Vetala are spirits of Hindu mythology that haunt charnel grounds and posess the bodies of the dead. In their mortal vehicles, these spirits harrass the living, driving people mad, killing children and causing misscarages. However, they also guard villages. Not bound by the laws of space and time, they have an awareness of the past, present and future and a deep understanding of human nature. For this reason, they are sought out by sorcerers as slaves. They can be dispatched by reciting holy mantra and performing the funeral rites of the dead.
Jiang Shi (litterally meaning "Stiff Corpse) is a kind of vampire/zombie from Chinese Myth. These creatures are victims of murder, those who have committed suicide or those who simply refuse to enter the afterlife who's souls do not leave their bodies. Their apperance can differ from the recently dead, who look normal, to rotting, moldy corpses (this mold is often described as a white "fur" covering their bodies) and long white hair. They are only capable of traveling by silent hopping, and are capable of leaping great distances. They can be foiled by throwing rice or coins on the ground (they will not pursure their target until they have picked up all the grains of rice or coins, allowing the target to escape) or can be "deactivated" by placing a sacred piece of paper on their foreheads.
Pontianak ( The name “pontianak” is reportedly a corruption of the Bahasa “perempuan mati beranak”, or “she who has died in childbirth”) are Indonesian and Maylay undead that are created when a woman dies in childbirth. These vengeful undead attempt to lure their victims to them with the cries of a baby or by taking the guise of a beautiful human woman, only to frighten or kill their victims. They are said to attack and kill victims by using their sharp claws to tear out the guts of a victim, devouring them to sustain themselves. The most popular way of "dispatching" a pontianak is to push a nail into the back of their neck or the apex of their head, turning them into beautiful women until the nail is removed.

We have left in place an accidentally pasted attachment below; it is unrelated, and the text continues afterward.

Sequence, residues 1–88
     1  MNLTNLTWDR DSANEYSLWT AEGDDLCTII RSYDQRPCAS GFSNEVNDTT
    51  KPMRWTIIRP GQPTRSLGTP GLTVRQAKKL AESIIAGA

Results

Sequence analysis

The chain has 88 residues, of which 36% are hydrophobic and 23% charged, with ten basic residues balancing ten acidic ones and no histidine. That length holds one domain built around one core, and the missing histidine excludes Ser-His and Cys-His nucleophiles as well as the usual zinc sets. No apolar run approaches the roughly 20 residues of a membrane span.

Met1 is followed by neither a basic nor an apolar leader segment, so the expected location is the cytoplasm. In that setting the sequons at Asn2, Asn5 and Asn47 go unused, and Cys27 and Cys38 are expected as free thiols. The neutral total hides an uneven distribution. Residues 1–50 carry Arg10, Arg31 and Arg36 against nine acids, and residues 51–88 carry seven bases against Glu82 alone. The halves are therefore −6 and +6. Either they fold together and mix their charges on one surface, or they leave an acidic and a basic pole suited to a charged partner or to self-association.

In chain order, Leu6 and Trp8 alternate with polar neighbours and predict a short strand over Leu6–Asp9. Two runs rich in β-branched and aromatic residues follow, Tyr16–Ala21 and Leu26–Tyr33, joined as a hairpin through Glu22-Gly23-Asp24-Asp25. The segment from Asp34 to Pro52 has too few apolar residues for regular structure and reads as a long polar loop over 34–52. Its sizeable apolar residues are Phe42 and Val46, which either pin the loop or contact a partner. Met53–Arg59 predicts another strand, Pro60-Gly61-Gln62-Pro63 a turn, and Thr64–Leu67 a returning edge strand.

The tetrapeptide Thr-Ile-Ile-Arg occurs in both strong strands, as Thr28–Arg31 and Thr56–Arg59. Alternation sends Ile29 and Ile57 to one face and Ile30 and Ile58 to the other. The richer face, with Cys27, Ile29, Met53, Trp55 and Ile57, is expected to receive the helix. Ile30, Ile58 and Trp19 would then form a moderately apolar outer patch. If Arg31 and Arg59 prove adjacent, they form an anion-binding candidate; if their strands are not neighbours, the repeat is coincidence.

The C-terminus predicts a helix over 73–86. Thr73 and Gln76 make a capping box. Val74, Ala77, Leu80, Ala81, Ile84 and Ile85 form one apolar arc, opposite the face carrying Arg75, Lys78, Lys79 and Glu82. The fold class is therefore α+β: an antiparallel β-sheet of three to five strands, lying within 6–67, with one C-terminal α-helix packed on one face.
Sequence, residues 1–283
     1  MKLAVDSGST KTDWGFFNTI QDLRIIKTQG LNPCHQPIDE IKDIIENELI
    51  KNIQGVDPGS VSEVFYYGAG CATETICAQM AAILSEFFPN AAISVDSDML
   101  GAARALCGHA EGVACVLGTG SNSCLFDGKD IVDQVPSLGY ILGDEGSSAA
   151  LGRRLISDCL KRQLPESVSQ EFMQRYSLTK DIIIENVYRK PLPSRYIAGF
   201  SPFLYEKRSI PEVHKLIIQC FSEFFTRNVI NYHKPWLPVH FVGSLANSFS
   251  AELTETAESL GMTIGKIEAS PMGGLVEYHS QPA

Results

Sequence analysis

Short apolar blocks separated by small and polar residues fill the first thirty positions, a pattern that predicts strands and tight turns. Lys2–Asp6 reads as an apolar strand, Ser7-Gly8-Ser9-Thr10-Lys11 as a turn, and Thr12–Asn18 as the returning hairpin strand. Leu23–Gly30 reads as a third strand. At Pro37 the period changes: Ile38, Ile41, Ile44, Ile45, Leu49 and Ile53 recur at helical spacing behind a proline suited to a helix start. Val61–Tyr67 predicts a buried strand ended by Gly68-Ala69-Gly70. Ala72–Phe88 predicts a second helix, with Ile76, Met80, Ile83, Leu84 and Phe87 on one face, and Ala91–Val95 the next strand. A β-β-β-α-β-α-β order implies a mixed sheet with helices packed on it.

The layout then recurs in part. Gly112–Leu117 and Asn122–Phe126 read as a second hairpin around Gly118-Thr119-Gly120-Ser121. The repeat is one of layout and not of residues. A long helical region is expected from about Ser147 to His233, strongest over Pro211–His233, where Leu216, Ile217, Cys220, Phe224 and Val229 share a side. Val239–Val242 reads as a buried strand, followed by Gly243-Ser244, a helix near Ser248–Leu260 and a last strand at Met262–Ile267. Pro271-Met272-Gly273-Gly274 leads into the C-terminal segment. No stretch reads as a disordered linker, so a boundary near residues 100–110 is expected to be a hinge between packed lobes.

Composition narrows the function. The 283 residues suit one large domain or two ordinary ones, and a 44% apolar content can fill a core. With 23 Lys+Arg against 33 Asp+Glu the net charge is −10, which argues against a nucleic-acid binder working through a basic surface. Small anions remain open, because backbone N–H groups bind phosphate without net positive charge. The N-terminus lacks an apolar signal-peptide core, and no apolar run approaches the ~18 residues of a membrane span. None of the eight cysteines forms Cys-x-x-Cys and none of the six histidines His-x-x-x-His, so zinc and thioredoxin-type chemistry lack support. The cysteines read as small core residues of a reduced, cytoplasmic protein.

Gashadokuro are a Japanese undead creature, a skeleton fifteen times larger than any normal person, who if it spies a human will grab them and bite their heads off. Gashadokuro are created by the assembled bones of those who have starved to death. The only way to avoid death is to flee before the Gashadokuro has a chance to grab you. Normally, one can hear a ringing in their ears when a Gashadokuro is about to strike.
In Japanese mythology, Izanami was the younger sister and wife of Izanagi. She gave birth to five children, the islands of Japan, and died giving birth to a sixth, which Izanagi killed in rage, creating a number of dieties. In a myth similar to that of Orpheus, Izanagi unable to deal with his grief went into Yomi, the Japanese underworld, to retrieve his beautiful wife, only to discover that she had become a worm-ridden rotted corpse. Terrified, he fled with the now undead goddess chasing him along with eight vicious hags. When Izanagi came to the enterance of Yomi, he sealed it with a boulder. Izanami cursed Izanagi, and threatened that, if she were to ever escape, she would kill a thousand people a day, to which Izanagi furiously replied that he would create 1,500 more.
- In Japanese Mythology, the nuppepo is a formless undead youkai that usually appears on temples, deserted streets and graves during the sun down , usually walks with no certain place to go. It has 1,5 height. It also unleashes a strong rotten fleshed odor. The Nuppepos are passive and calm creatures. Some rumours says that anyone who eats a Nuppepo flesh shall be youth by the eternity. Some persons believe that this monster is formed by decaying flesh